Contextual links break the render cache: they are only added if the user has the "access contextual links" permission and can be different for each user.
catch has indicated a long time ago, and in another issue, that the solution here is to indeed do something analogous to what Edit module is doing: only annotate the "thing" (Entity/View/Block/…) with some sort of identifier (probably in a
data-contextual-id attribute, that a piece of JS can look for, submit to the server to know if the user can access the contextual links for each thing, and what those actions are.
The JS would then only be added if the current user has the
access contextual links permission.
For users that don't have permission to use contextual links, the overhead is limited to just
<div data-contextual-id="<id>"></div> (in the location where the contextual links would appear), and
class="contextual-region". If the user has access to contextual links, the JS will be loaded and will fill in the
<div data-contextual-id="<id>"></div> &
class="contextual-region" end up in the render cache, and are served to everybody; hence allowing for full render cache compatibility.
Contextual Links before this patch worked when JS was disabled. Well, for an odd definition of "working": the links would appear, but they would be mostly-inappropriate pieces of unordered links. Now, JS is a hard requirement.
On post-processing, catch said in #120:
If we end up establishing js-replacement as the standard approach to this (which I've been trying to encourage for well over a year now), adding a post-process layer to the render cache, explicitly limited to internal caching, would then allow for a PHP implementation of the replacement for sites that don't use *SI and don't want the js dependency.
On more granular caching, sdboyer said in #134 & #141:
frankly, when it comes to just throwing stuff on the page, we need to get more comfortable with saying, "don't do it that way, there's a right way to do things." that having been said, from a SCOTCH perspective, it's at least as useful if we have an explicit way of knowing that someone is lazily injecting HTML all over the place, rather than (re)writing a new block that works they way they actually want it to.
most important, though, is that injecting HTML all over is only a problem IF some aspect of that injection is made conditionally on something from unencapsulated global state. only at that point does it become cache-busty. it's perfectly fine for things to vary, so long as they vary in a manner we can predict from the outside by inspecting the data that's injected. as long as those data represent the entire range of variation, we're more or less in the clear.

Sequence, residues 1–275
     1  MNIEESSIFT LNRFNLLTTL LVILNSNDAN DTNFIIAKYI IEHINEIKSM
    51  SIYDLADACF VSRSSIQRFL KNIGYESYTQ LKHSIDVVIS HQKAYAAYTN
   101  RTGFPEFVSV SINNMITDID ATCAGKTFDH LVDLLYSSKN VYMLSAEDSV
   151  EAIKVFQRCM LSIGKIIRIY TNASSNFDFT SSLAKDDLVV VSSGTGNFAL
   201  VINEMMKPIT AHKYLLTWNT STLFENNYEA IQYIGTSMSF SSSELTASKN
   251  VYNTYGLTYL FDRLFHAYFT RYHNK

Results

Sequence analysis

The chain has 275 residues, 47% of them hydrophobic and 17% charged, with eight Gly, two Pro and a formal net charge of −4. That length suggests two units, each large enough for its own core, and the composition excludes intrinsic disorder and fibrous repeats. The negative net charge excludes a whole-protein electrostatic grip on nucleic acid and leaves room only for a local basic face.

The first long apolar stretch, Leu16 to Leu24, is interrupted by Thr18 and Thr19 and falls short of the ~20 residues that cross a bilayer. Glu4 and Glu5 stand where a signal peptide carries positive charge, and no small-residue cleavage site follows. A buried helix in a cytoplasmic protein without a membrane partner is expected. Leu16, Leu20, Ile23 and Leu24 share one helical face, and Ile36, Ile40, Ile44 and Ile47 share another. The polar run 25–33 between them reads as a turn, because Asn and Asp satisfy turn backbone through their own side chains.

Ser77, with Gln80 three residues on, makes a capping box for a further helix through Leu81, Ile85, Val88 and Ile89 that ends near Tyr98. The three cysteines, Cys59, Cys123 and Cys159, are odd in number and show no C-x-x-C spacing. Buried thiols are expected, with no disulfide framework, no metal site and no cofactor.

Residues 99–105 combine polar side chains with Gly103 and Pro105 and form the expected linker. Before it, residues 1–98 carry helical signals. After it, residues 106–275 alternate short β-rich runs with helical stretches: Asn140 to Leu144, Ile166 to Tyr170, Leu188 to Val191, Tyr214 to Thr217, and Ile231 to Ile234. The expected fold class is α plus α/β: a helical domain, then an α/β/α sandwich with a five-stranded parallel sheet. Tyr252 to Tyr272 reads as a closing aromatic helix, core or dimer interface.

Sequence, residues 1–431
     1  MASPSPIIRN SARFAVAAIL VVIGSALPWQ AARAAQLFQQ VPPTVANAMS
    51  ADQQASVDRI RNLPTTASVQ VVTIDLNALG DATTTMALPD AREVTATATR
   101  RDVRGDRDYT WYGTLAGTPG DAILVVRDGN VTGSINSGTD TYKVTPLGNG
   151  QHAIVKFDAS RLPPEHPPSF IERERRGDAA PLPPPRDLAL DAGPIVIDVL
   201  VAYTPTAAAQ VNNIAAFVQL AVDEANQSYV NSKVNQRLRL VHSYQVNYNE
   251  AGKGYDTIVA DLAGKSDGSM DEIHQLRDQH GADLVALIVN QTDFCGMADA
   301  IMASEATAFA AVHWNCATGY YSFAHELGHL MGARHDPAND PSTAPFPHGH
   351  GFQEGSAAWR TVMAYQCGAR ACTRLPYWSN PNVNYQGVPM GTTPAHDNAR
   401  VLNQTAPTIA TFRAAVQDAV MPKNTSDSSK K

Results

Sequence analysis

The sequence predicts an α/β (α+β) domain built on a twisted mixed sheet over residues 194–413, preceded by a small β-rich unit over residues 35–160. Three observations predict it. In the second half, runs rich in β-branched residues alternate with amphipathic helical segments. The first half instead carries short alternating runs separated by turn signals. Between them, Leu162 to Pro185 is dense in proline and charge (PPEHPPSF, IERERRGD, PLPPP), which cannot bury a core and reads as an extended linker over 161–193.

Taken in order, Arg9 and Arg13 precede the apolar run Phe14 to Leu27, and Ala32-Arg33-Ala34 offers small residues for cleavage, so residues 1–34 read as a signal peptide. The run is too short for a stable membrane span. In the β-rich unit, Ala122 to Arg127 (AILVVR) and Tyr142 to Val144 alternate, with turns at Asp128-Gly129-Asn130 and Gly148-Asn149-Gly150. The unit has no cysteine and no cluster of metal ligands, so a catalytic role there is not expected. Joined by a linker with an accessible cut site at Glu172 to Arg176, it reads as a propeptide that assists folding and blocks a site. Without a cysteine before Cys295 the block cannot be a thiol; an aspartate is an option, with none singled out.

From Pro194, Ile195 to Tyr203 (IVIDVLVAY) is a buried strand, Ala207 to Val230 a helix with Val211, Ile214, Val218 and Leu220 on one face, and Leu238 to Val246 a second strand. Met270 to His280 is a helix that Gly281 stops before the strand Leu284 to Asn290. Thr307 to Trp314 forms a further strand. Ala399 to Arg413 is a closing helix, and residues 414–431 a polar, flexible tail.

i haven't just quite gotten to the caching mechanism yet, so i unfortunately can't point you to code (though i took a break from writing the contextual integration that supports it to write this response). it's rooted in the idea that by knowing what we inject into a block, we know its caching dimensions. blocks will be able to say "i'm uncacheable," or that the granularity level is less than that which the injected data might seem to imply (e.g., they require a user object, but vary merely by role, not by uid), but no more of the grand constants like CACHE_PER_ROLE, CACHE_PER_USER.
It's also possible to have both the server-side and client-side solution, because both make more sense in different scenarios.
- Choose solution: client-side (implemented, almost RTBC'able), server-side (TBD), or both. An example of both could be the client-side approach implemented so far in this issue, plus a boolean cache split based on . We can also choose to do the client-side portion in this issue, and the server-side portion as a follow up in that one.
User interface changes
To be determined.
Original report by di3h3rd3r
The "Configure block" link of the "Active Forum Topics" and "New Forum Topics" blocks are visible to anonymous and authenticated users. Works as expected for admin user. I have tried the block in different regions with the links still showing up.
FAILED: [[SimpleTest]]: [MySQL] 41,484 pass(es), 1 fail(s), and 0 exception(s).
PASSED: [[SimpleTest]]: [MySQL] 41,484 pass(es).
|#176||contextual_links_render_cache-914382-176.patch||44.23 KB||Wim Leers|
PASSED: [[SimpleTest]]: [MySQL] 56,811 pass(es).
|#176||interdiff.txt||704 bytes||Wim Leers|
|#172||contextual_links_render_cache-914382-172.patch||44.26 KB||Wim Leers|
PASSED: [[SimpleTest]]: [MySQL] 56,401 pass(es).